Philippines-China relations

Philippines: We’ve never agreed to China’s Ayungin proposals 

Bea Cupin

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Philippines: We’ve never agreed to China’s Ayungin proposals 

AYUNGIN MISSION. Chinese ships surround a Philippine Coast Guard ship on a resupply mission to Ayungin Shoal on September 28, 2023.

Philippine Coast Guard

Only the President can 'approve or authorize' agreements on the West Philippine Sea, says the Philippines' Department of Foreign Affairs

LAOAG CITY, Philippines – The Philippines’ Department of Foreign Affairs (DFA) said on Tuesday, May 7, that no Cabinet-level official in the Marcos administration has agreed to “any Chinese proposal pertaining to the Ayungin Shoal.”

The statement comes a day after China’s Ministry of Foreign Affairs (MOFA) repeated on Monday, May 6, a previous claim that had been debunked before: that Philippine defense and security officials supposedly “approved” a “new model” for rotation and resupply missions to the BRP Sierra Madre in Ayungin Shoal in the West Philippine Sea.

“The DFA wishes to emphasize that only the President of the Republic of the Philippines can approve or authorize agreements entered into by the Philippine Government on matters pertaining to the West Philippine Sea and South China Sea,” said the DFA.

“In this respect, the DFA can confirm that no Cabinet-level official of the Marcos Administration has agreed to any Chinese proposal pertaining to the Ayungin Shoal,” it added.

Ayungin Shoal is where the BRP Sierra Madre, a World War II-era war ship, was purposefully run aground in 1999. It now serves as a military outpost in the area, amid China’s expansionist ambitions in the South China Sea. The shoal is well within the Philippines’ 200-nautical mile exclusive economic zone (EEZ), where it should enjoy sovereign rights.

China claims most of the South China Sea, including areas that are part of the Philippines’ EEZ.

Rotation and resupply missions to the BRP Sierra Madre have become fraught, especially in the past year. Under the Marcos administration, it has become the Philippines’ policy to expose China’s aggressive actions at sea.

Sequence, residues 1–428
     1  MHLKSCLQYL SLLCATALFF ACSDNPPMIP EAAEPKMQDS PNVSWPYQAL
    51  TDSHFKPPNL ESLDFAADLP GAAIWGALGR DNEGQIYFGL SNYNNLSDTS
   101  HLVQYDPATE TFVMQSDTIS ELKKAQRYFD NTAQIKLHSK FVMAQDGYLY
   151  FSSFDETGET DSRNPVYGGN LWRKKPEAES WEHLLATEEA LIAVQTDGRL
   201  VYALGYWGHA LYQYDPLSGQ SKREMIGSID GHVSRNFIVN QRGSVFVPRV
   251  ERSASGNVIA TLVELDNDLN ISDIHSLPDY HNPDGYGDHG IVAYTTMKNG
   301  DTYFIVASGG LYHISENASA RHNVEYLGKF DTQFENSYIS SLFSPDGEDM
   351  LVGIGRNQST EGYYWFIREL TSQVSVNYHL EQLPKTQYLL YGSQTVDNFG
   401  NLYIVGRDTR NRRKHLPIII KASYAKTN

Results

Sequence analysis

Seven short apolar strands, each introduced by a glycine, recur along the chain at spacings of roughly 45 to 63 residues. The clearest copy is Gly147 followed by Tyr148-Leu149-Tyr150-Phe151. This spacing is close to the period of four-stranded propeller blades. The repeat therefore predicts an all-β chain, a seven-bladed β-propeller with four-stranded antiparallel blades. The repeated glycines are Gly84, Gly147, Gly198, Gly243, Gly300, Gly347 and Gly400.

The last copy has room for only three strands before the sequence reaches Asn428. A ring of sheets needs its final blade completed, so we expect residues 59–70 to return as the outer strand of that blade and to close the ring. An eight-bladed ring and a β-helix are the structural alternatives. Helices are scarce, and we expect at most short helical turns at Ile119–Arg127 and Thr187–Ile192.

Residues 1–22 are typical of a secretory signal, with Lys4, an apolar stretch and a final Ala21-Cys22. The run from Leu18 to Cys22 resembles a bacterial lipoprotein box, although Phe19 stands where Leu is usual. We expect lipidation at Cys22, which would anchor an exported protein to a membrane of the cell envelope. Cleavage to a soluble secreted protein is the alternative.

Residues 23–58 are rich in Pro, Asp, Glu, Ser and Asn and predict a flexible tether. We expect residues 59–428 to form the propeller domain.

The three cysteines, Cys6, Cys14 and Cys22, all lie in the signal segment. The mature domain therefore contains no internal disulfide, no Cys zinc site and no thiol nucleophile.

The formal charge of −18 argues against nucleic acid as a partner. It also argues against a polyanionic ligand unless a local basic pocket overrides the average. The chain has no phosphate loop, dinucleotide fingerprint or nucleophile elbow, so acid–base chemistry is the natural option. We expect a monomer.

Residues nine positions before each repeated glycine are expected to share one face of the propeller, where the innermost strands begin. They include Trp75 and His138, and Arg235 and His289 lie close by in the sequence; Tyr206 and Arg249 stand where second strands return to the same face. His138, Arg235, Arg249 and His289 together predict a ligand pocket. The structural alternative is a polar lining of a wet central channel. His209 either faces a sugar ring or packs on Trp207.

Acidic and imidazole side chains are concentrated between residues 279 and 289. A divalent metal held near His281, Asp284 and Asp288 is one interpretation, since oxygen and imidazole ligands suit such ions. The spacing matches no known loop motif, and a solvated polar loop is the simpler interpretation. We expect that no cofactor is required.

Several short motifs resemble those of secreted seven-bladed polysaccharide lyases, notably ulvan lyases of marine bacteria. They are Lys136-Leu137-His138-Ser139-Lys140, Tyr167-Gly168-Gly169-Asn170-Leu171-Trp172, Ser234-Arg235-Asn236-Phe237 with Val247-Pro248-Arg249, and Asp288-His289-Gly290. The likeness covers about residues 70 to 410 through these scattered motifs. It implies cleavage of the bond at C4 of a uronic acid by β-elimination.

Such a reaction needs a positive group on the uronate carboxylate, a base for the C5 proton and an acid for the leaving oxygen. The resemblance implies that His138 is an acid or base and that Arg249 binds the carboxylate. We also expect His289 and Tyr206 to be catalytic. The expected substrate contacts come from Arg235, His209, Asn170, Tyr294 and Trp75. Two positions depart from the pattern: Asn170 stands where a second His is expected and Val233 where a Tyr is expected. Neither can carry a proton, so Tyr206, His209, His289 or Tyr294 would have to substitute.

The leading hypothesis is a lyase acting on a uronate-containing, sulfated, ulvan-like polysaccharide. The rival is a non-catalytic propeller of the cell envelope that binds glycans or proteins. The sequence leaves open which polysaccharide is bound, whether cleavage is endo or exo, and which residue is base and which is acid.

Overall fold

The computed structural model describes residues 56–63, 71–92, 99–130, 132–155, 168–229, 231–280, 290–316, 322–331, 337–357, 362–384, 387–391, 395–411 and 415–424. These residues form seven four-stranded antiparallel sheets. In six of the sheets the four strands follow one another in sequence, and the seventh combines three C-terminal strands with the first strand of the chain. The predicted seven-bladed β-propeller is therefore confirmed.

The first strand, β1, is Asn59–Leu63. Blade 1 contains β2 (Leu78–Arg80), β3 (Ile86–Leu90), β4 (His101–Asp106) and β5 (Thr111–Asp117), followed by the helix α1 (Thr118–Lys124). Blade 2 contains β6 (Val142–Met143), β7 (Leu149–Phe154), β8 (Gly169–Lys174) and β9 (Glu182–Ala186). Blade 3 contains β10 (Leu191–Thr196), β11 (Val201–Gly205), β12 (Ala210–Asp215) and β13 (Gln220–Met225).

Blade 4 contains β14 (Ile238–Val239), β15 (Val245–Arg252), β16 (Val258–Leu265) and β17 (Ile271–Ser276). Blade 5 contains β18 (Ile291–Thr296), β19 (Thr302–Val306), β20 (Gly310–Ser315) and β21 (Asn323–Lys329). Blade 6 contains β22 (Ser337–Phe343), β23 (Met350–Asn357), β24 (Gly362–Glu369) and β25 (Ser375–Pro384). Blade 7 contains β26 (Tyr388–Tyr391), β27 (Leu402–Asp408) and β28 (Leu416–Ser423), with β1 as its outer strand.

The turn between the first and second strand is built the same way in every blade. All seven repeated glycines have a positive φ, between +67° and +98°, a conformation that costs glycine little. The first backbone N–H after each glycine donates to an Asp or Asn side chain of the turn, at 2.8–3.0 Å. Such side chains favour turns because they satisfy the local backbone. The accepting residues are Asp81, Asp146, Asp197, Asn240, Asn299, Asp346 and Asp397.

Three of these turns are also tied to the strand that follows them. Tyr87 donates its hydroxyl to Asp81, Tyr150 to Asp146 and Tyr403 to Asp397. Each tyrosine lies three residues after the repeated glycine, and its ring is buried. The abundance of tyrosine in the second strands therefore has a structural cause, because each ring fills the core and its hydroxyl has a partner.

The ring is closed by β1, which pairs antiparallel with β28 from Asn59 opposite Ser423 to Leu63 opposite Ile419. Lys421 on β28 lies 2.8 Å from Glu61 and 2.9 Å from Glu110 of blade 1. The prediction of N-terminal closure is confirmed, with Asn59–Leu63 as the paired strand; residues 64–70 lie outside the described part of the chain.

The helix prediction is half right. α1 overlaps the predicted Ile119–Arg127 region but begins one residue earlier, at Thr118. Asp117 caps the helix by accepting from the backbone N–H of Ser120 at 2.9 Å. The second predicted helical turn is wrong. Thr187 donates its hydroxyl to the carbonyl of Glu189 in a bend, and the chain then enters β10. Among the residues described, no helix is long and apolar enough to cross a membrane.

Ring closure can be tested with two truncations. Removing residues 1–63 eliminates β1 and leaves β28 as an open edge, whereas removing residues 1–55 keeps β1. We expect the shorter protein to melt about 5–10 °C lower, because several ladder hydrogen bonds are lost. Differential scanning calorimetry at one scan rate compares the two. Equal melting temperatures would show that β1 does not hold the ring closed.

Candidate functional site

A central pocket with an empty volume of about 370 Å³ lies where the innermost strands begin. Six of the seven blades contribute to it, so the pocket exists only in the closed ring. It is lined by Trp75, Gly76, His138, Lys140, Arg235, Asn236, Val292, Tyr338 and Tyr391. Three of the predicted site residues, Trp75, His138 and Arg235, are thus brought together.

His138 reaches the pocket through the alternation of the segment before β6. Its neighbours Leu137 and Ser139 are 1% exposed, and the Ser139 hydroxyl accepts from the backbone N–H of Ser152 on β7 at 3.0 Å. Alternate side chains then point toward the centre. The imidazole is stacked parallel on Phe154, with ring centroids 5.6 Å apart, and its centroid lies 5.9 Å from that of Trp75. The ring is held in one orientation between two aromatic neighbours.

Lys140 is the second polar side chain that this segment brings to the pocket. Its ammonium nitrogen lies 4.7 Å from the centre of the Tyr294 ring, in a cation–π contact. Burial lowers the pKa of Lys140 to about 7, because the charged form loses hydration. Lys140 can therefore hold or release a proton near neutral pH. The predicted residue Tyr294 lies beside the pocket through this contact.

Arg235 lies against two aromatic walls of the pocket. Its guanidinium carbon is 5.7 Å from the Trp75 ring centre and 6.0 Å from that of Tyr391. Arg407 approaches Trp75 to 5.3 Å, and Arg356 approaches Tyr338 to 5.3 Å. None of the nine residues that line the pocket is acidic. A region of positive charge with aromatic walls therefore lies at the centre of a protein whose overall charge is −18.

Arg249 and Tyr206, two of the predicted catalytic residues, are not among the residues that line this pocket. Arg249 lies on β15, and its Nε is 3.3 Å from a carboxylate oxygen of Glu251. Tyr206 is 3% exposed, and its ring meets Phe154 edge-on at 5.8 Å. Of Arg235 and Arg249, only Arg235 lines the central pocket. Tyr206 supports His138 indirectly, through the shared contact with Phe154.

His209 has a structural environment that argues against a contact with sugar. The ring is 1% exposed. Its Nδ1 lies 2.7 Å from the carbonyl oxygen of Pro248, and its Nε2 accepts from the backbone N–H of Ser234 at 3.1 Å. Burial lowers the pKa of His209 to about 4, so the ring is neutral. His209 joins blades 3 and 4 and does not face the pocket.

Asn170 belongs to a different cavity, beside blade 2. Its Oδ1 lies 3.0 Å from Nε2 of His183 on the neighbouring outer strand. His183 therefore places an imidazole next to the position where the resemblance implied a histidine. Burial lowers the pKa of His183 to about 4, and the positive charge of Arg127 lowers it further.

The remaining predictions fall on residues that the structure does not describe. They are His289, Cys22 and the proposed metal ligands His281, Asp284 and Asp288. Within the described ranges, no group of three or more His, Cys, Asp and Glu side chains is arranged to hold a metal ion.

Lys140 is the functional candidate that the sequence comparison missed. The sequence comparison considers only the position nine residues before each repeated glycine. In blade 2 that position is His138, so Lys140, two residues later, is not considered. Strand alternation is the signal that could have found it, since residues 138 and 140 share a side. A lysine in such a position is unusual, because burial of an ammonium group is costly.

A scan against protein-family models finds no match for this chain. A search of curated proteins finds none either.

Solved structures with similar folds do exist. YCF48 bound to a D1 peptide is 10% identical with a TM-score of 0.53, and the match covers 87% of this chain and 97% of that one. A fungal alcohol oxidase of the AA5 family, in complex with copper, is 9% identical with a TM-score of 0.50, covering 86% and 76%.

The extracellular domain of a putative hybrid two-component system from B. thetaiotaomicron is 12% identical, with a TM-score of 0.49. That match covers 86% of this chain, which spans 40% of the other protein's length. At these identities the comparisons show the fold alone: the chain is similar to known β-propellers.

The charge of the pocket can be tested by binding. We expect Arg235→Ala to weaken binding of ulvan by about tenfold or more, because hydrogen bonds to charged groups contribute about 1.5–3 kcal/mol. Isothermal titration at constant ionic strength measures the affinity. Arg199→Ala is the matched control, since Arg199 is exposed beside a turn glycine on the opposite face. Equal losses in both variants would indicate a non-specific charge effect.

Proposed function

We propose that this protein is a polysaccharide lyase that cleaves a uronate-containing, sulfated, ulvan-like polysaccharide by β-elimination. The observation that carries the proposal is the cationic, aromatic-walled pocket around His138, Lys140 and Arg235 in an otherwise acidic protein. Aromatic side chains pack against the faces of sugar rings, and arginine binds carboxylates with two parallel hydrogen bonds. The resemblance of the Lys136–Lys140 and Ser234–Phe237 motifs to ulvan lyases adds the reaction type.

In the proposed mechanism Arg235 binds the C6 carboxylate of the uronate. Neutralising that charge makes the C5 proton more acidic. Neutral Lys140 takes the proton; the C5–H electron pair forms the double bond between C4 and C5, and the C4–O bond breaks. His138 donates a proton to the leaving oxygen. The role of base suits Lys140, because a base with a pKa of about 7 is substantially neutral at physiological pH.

The China Coast Guard and Chinese Maritime Militia routinely harass and block Philippine missions to Ayungin, even using water cannons in a bid to stop these missions.

Beijing – first, through its embassy in Manila and then through its MOFA – claimed that in early 2024, the Philippines and China agreed on a “new model.” MOFA spokesperson Lin Jian, in a press conference on May 6, said the agreement was made after “after multiple rounds of discussions through the diplomatic channel and AFP WESCOM.”

WESCOM refers to Western Command, or the Philippine military command that operates from Palawan and counts the BRP Sierra Madre as its outpost.

The core of Beijing’s newest claim on Ayungin Shoal is this: that the so-called “new model” was “approved by all key officials in the Philippine chain of command, including the Secretary of National Defense and the National Security Advisor.”

Both Defense Secretary Gibo Teodoro Jr., and National Security Advisor Eduardo Año have categorically denied all of China’s claims.

Rappler has learned that the DFA, when it summoned Chinese envoys, also raised the Chinese embassy’s claims on the supposed agreement on Ayungin Shoal.

“As far as the Philippine Government is concerned, no such document, record or deal exists, as purported by the Chinese Embassy,” the DFA said in its May 7 statement.

The Chinese embassy in Manila has claimed that “communication and negotiation on this subject matter is kept on record in every detail by the Chinese side” but has not made these public, despite requests from journalists for a copy these records. –

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Bea Cupin

Bea is a senior multimedia reporter who covers national politics. She's been a journalist since 2011 and has written about Congress, the national police, and the Liberal Party for Rappler.